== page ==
Conrad Hilton

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Conrad Hilton
BornConrad Nicholson Hilton
(1887-12-25)December 25, 1887
Socorro County, New Mexico Territory, U.S.
DiedJanuary 3, 1979(1979-01-03) (aged 91)
Santa Monica, California, U.S.
NationalityAmerican
OccupationHotelier
Spouse

Mary Adelaide Barron (m. 1925–1934) «start: (1925)–end+1: (1935)»"Marriage: Mary Adelaide Barron to Conrad Hilton" Location: (linkback://en.wikipedia.org/wiki/Conrad_Hilton)
Zsa Zsa Gabor (m. 1942–1946) «start: (1942)–end+1: (1947)»"Marriage: Zsa Zsa Gabor to Conrad Hilton" Location: (linkback://en.wikipedia.org/wiki/Conrad_Hilton)

Mary Frances Kelly (m. 1976–1979) «start: (1976)–end+1: (1980)»"Marriage: Mary Frances Kelly to Conrad Hilton" Location: (linkback://en.wikipedia.org/wiki/Conrad_Hilton)
ChildrenConrad Nicholson "Nicky" Hilton, Jr. (1926-1969)
William Barron Hilton (b. 1927)
Eric Michael Hilton (b. 1933)
Constance Francesca Hilton (b. 1947)
 
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Conrad Hilton
BornConrad Nicholson Hilton
(1887-12-25)December 25, 1887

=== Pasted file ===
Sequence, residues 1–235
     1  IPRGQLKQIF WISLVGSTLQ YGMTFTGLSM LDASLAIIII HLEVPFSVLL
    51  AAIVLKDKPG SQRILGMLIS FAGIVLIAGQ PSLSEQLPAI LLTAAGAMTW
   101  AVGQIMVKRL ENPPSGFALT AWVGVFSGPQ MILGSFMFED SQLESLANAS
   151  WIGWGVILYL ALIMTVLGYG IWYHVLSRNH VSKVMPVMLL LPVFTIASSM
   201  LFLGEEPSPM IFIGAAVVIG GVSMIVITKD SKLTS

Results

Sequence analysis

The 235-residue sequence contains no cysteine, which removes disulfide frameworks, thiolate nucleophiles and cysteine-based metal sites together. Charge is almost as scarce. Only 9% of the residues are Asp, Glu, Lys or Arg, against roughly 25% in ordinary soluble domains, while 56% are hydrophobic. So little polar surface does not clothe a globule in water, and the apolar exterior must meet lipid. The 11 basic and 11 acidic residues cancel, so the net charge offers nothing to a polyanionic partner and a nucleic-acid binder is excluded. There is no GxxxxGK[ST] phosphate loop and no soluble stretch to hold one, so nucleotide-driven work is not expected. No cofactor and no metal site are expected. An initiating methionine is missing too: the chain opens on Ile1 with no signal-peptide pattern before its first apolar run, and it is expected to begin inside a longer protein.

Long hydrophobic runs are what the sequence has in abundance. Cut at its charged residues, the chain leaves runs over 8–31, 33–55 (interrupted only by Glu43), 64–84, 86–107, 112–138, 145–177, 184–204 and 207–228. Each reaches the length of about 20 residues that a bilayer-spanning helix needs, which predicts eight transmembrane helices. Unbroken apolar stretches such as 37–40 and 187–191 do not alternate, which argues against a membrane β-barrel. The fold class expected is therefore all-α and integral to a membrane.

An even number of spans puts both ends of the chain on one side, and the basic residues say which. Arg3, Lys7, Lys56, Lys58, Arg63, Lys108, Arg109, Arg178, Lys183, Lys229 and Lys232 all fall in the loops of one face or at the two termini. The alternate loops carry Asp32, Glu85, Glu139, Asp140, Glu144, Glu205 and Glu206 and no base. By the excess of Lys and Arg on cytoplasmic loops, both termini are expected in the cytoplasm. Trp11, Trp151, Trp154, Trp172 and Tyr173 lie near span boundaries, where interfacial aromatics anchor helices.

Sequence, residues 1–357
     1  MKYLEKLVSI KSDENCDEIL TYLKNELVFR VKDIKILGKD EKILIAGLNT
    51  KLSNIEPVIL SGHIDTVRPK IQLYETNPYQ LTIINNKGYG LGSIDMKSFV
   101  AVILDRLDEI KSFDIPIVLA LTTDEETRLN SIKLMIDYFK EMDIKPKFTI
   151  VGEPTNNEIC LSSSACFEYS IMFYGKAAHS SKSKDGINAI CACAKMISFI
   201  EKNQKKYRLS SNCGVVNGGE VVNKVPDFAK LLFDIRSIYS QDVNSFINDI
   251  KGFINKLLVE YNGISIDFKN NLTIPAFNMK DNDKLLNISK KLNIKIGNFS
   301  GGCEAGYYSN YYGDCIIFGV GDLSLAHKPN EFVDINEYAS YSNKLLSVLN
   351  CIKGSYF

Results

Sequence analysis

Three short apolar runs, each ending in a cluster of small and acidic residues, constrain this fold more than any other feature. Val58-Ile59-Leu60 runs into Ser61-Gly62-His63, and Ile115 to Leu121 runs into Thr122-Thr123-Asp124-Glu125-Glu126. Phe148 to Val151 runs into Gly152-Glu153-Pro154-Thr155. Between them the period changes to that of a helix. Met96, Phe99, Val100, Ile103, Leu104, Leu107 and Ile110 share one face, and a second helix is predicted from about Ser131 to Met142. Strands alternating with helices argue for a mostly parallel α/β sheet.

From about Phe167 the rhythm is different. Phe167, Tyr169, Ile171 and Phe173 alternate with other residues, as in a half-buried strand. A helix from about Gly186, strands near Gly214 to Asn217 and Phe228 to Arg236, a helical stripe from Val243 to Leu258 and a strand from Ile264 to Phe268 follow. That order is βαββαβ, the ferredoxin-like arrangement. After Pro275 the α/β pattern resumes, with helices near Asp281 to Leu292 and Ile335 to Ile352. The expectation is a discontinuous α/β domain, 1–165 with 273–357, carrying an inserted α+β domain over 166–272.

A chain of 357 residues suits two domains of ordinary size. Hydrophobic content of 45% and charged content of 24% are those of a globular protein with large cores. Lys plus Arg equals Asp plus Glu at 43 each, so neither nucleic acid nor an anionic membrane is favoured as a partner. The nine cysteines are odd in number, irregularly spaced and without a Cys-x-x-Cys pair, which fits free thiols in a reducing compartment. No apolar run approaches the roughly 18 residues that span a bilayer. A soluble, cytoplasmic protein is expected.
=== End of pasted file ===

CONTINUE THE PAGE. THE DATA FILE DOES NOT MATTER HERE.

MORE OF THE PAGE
Socorro County, New Mexico Territory, U.S.
DiedJanuary 3, 1979(1979-01-03) (aged 91)
Santa Monica, California, U.S.
NationalityAmerican
OccupationHotelier
Spouse

Mary Adelaide Barron (m. 1925–1934) «start: (1925)–end+1: (1935)»"Marriage: Mary Adelaide Barron to Conrad Hilton" Location: (linkback://en.wikipedia.org/wiki/Conrad_Hilton)
Zsa Zsa Gabor (m. 1942–1946) «start: (1942)–end+1: (1947)»"Marriage: Zsa Zsa Gabor to Conrad Hilton" Location: (linkback://en.wikipedia.org/wiki/Conrad_Hilton)

Mary Frances Kelly (m. 1976–1979) «start: (1976)–end+1: (1980)»"Marriage: Mary Frances Kelly to Conrad Hilton" Location: (linkback://en.wikipedia.org/wiki/Conrad_Hilton)
ChildrenConrad Nicholson "Nicky" Hilton, Jr. (1926-1969)
William Barron Hilton (b. 1927)
Eric Michael Hilton (b. 1933)
Constance Francesca Hilton (b. 1947)

Conrad Nicholson Hilton (December 25, 1887 – January 3, 1979) was an American hotelier. He is well known for being the founder of the Hilton Hotels chain.

Contents

Early life

Hilton was born in the city of San Antonio, in the New Mexico Territory. His father, Augustus Halvorsen "Gus" Hilton, was an immigrant from Norway, and his devout Catholic mother, Mary Genevieve (née Laufersweiler), was an American of German descent. Hilton grew up with eight siblings: Felice A. Hilton, Eva C. Hilton, Carl H. Hilton, Julian Hilton, Rosemary J. Hilton, August H. Hilton, Helen A. Hilton, and Baron Hilton.